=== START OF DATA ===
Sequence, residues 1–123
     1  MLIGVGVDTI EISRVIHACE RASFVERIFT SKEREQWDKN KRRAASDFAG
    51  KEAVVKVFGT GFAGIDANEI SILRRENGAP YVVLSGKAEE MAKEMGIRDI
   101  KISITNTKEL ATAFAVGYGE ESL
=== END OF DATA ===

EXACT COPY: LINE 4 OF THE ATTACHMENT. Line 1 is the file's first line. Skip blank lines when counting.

   101  KISITNTKEL ATAFAVGYGE ESL